A report by Nicholas Tengelin (Chalmers University of Technology), commissioned by the Volvo Group
This report reviews and analyses an extensive range of data sources and studies to assess the extent of and reasons for the impending reduction in Mathematics, Science and Technology (MST) graduates (and therefore the recruitment pool) in Europe. Eurostat and OECD statistics, Swedish research papers (primarily those emerging from the Relevance Of Science Education, or ROSE initiative), Volvo Group industry data and discussions “with educators, researchers, policy makers and content providers in science education around the world” are all drawn upon to create a rich dataset with (unusually for this field) global reach. The report makes multiple recommendations for addressing the decline in take-up of MST subjects which, although the remit is focussed on Sweden, are relevant to all countries experiencing similar problems (such as the UK, France and Japan).
Tengelin first evidences the issue: “Europe has experienced a 10.8% decrease in the relative share of graduates from mathematics, science and technology tertiary education”, with the United Kingdom experiencing the sharpest decline and being one of “the worst off”. He notes existing industry backing for investment, stating that the European Round Table of Industrialists have “identified increasing young people’s interest in MST as essential for sustainable economic growth in Europe”. Current attitudes to MST subjects amongst young Europeans are negative and highly subject to gender stereotyping, with very few girls envisaging becoming scientists or becoming involved in MST-based careers.
Reasons for these attitudinal trends include: science and technology needs are perceived to be fulfilled; science-related jobs are not perceived to be meaningful; there is a lack of attractive role models, especially for girls; a lack of understanding and low levels of information, advice and guidance about MST careers – such careers are also perceived to have low salaries and poor job satisfaction rates. For schools, there is a lack of ‘inquiry-based learning’ and much of the content of MST syllabuses is taught by rote. Teachers are “ill-equipped”, have had minimal training and do not have the support available to connect MST to practical, social and economic realities. He calls for corporations, employers and universities to help make MST learning relevant and “work with schools conducting in-service training of MST teachers and universities educating MST teachers to ensure inclusion of tuition in new scientific and technological developments, and in how MST is relevant to your organisation and future societal development”.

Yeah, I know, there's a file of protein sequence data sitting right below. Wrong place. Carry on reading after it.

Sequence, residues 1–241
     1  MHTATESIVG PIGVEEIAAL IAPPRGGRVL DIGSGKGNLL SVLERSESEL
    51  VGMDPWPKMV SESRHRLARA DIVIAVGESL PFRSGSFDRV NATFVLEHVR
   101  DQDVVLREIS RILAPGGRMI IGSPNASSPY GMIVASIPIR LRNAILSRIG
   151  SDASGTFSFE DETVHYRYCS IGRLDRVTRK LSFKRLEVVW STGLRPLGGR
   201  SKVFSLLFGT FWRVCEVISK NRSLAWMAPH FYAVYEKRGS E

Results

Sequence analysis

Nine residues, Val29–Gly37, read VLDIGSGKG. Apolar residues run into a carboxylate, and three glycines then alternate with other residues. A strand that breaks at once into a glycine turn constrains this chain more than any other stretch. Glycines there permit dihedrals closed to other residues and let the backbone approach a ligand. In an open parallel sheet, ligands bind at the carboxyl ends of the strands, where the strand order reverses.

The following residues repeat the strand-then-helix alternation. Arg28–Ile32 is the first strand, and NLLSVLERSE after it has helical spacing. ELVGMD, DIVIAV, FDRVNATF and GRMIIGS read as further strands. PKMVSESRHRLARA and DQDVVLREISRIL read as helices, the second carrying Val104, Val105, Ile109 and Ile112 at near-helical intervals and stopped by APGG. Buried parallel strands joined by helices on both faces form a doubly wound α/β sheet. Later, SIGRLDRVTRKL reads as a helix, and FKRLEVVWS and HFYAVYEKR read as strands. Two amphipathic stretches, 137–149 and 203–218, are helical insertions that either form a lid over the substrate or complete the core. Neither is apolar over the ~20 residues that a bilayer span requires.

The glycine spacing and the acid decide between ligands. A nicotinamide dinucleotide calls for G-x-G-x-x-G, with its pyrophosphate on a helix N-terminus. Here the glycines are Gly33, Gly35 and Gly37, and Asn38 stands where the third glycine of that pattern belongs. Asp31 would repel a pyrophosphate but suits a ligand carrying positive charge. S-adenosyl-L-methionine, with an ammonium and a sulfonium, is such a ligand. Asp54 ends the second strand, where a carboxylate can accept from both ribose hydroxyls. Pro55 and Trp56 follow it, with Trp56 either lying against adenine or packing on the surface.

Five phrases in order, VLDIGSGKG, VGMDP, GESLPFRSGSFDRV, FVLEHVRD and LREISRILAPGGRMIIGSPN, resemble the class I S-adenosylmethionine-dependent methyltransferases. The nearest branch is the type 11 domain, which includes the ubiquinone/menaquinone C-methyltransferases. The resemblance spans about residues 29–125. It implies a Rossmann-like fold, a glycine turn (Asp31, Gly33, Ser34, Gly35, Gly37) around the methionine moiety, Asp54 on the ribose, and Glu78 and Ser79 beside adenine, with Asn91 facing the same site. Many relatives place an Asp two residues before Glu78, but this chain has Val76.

The final section of the report constructs the business case for industry involvement in MST education, analysing the return on varying levels of investment in MST deficit reduction activities. He calculates the Volvo Group’s share of the deficit up to 2025, multiplying this by the economic value of an engineer (using the Human Economic Value Added measurement and the Total Contribution Margin) to find expected loss of net income. This is one of very few analyses to determine a numerical cost of the future absence of employer engagement.
The most comprehensive and long-term cost-effective solution was found to be an industry-wide response involving partnership between businesses as well as schools, colleges, universities and government “to secure the quantity and quality of an educated workforce”. To be financially viable, a minimum of 10% of current engineering employers would need to engage in school business partnerships and be prepared to share the total investment cost. Assuming that no action is taken to engage with MST education, Tengelin calculates the cost of the coming workforce deficit to the Volvo Group in Sweden at SEK 1770 million (£162,181,000) between the years 2008-2025.